Primidone and Phenobarbital, Serum
Monitoring for appropriate therapeutic level
Clinical Information Discusses physiology, pathophysiology, and general clinical aspects, as they relate to a laboratory test
Primidone is used for control of grand mal seizures that are refractory to other antiepileptics and seizures of psychomotor or focal origin.
Primidone is initially dosed in progressively increasing amounts starting with 100 mg at bedtime to 250 mg t.i.d. after 10 days of therapy in adults.
Primidone exhibits a volume of distribution of 0.6 L/kg and a half-life of 8 hours.
When monitoring primidone and phenobarbital levels simultaneously, the specimen should be drawn just before the next dose is administered.
Primidone is not highly protein bound, approximately 10%. Phenobarbital is a metabolite of primidone. Like phenobarbital, there are no known major drug-drug interactions that affect the pharmacology of primidone. Toxicity associated with primidone is primarily due to the accumulation of phenobarbital. Diagnosis and treatment are as described for PBAR / Phenobarbital, Serum.
Reference Values Describes reference intervals and additional information for interpretation of test results. May include intervals based on age and sex when appropriate. Intervals are Mayo-derived, unless otherwise designated. If an interpretive report is provided, the reference value field will state this.
Children (<5 years): 7.0-10.0 mcg/mL
Adults: 9.0-12.5 mcg/mL
Toxic concentration: > or =15.0 mcg/mL
Infants and children: 15.0-30.0 mcg/mL
Adults: 20.0-40.0 mcg/mL
Toxic concentration: > or =60.0 mcg/mL
At steady-state, which is achieved approximately 2 weeks after therapy is initiated, blood levels of primidone that correlate with optimal response to the drug range from 9.0 to 12.5 mcg/mL for adults and 7.0 to 10.0 mcg/mL for children <5 years of age.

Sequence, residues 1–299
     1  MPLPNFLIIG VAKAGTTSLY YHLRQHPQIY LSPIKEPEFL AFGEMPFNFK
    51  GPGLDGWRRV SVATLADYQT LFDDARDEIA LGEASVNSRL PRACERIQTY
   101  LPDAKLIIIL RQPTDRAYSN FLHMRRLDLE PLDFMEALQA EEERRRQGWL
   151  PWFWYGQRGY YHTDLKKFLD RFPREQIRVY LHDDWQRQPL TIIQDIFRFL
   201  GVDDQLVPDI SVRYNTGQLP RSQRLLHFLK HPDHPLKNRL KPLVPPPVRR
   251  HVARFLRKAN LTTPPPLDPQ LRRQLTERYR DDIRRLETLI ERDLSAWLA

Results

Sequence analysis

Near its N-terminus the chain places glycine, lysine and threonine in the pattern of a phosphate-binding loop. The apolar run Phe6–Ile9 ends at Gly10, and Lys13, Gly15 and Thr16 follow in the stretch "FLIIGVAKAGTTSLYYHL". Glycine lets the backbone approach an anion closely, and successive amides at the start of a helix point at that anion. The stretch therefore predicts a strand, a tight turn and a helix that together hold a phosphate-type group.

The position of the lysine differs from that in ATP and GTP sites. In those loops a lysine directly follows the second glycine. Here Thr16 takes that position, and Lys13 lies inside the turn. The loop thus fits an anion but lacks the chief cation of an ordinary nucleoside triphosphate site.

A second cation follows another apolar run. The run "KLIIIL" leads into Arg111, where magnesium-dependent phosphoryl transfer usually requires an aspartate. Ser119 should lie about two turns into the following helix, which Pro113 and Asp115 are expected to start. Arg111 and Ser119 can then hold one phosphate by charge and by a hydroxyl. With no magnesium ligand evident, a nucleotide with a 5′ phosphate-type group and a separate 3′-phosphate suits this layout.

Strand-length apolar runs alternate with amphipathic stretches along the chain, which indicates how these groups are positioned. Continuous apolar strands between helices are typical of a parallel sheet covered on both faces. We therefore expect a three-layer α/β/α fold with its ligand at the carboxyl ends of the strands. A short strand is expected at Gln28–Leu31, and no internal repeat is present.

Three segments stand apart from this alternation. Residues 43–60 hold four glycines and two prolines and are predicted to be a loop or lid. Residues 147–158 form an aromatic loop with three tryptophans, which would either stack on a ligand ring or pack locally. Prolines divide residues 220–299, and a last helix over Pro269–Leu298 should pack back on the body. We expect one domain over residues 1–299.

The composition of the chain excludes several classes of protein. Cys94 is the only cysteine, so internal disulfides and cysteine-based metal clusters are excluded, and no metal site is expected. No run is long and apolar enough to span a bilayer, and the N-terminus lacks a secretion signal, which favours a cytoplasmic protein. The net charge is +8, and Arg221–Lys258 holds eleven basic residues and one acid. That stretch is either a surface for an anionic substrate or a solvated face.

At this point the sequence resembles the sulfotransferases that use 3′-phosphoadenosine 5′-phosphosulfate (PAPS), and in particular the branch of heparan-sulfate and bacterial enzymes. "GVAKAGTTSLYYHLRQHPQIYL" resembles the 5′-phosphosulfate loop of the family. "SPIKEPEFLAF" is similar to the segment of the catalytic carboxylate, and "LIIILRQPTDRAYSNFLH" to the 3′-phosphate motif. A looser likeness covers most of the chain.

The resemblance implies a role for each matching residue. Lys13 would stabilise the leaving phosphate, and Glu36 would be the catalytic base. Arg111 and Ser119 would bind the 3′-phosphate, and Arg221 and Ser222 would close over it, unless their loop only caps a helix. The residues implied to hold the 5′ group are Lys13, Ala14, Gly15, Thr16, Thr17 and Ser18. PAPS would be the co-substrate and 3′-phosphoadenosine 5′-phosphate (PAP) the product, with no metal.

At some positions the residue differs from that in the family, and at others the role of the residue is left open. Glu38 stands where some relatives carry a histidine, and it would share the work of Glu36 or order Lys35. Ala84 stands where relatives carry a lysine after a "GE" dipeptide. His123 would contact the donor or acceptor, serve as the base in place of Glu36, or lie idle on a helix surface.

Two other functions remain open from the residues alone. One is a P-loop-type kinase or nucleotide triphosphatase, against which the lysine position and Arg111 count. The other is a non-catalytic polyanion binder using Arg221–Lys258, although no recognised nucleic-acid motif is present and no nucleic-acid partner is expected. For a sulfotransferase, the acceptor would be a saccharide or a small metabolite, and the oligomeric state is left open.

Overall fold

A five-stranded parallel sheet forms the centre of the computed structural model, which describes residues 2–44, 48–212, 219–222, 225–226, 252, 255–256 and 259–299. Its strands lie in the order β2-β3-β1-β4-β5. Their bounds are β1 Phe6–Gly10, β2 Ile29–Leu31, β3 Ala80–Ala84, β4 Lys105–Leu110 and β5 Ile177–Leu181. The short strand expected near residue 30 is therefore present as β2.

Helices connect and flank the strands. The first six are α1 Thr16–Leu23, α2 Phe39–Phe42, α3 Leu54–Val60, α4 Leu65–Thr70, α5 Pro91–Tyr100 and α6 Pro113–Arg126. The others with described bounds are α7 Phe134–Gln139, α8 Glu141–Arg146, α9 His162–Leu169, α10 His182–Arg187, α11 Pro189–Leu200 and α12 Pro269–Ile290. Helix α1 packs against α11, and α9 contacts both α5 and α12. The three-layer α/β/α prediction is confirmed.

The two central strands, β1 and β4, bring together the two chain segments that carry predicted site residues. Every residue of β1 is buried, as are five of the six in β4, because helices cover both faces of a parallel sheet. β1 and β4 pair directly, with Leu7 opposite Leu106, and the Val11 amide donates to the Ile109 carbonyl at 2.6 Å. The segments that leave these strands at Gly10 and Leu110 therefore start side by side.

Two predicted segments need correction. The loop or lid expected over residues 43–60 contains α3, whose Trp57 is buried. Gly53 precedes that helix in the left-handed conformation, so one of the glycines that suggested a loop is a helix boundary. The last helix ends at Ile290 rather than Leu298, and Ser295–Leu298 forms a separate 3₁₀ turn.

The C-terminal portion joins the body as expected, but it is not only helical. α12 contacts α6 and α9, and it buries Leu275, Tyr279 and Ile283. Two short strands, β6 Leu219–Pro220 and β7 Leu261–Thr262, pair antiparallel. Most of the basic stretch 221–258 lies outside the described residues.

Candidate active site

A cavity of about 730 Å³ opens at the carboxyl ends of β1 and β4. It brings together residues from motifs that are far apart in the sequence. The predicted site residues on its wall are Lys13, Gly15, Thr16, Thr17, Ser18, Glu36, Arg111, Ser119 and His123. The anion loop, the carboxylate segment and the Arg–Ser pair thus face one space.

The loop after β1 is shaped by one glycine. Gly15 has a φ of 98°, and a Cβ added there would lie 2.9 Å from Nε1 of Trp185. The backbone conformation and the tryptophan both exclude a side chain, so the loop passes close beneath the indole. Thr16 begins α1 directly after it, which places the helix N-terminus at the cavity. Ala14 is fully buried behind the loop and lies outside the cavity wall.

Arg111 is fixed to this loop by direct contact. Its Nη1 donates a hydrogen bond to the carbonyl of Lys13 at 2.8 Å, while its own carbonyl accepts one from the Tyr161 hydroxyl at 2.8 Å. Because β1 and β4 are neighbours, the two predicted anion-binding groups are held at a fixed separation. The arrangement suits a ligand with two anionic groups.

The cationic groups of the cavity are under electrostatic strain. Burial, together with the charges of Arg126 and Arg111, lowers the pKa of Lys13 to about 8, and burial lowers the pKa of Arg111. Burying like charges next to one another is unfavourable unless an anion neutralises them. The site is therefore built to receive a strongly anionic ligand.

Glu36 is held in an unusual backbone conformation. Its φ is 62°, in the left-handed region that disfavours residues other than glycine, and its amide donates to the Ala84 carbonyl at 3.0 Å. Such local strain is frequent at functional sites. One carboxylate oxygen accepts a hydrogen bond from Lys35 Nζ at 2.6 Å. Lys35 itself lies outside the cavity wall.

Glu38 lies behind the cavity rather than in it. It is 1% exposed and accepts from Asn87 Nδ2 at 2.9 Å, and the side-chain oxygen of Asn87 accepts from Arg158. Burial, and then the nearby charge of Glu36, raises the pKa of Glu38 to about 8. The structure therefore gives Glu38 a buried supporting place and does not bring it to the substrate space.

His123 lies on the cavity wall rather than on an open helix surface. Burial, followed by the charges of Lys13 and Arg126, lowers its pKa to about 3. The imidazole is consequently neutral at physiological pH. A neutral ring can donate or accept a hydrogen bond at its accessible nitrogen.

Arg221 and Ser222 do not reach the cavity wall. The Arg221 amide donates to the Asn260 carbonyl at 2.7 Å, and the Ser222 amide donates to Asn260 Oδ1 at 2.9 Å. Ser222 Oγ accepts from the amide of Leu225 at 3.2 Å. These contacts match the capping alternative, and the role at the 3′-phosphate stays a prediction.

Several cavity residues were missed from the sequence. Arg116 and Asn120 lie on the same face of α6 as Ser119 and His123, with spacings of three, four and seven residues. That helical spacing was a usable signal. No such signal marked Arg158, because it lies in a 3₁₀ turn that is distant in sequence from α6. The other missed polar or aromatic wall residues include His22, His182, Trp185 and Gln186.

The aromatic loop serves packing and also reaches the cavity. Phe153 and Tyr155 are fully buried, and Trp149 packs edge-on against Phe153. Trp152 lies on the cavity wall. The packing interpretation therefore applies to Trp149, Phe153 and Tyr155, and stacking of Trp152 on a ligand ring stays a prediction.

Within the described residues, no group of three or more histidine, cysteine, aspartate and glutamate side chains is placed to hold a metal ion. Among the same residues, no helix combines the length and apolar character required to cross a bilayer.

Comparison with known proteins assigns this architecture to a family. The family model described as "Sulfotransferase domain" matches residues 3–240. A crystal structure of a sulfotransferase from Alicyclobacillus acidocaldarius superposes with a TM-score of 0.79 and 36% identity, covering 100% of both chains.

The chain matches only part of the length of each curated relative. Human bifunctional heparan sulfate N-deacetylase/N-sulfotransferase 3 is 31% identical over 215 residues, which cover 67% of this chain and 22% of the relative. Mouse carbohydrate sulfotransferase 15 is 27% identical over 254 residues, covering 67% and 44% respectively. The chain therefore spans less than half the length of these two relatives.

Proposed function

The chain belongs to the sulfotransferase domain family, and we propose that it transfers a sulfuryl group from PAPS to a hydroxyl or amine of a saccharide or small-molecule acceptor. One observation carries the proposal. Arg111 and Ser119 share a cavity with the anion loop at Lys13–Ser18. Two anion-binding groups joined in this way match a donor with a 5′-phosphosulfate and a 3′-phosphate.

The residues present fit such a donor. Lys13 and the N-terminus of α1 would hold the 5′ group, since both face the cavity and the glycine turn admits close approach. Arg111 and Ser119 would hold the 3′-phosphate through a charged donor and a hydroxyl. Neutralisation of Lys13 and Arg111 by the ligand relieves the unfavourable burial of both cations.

The corresponding levels for phenobarbital are 20 to 40 mcg/mL for adults and 15 to 30 mcg/mL for children <5 years of age.
Dosage adjustment based on blood level information is the best way to obtain optimal response to the drug.
Cautions Discusses conditions that may cause diagnostic confusion, including improper specimen collection and handling, inappropriate test selection, and interfering substances
At the same time that the primidone level is monitored, one should also monitor the phenobarbital level, as phenobarbital is a metabolite of primidone.
Clinical Reference Provides recommendations for further in-depth reading of a clinical nature
Rall TW, Schleifer LS: Drugs effective in the therapy of the epilepsies: primidone. In Goodman and Gilman's The Pharmacological Basis of Therapeutics. Eighth edition. Edited by AG Gilman, TW Rall, AS Nies, P Taylor. New York, Pergamon Press, 1990, pp 446-447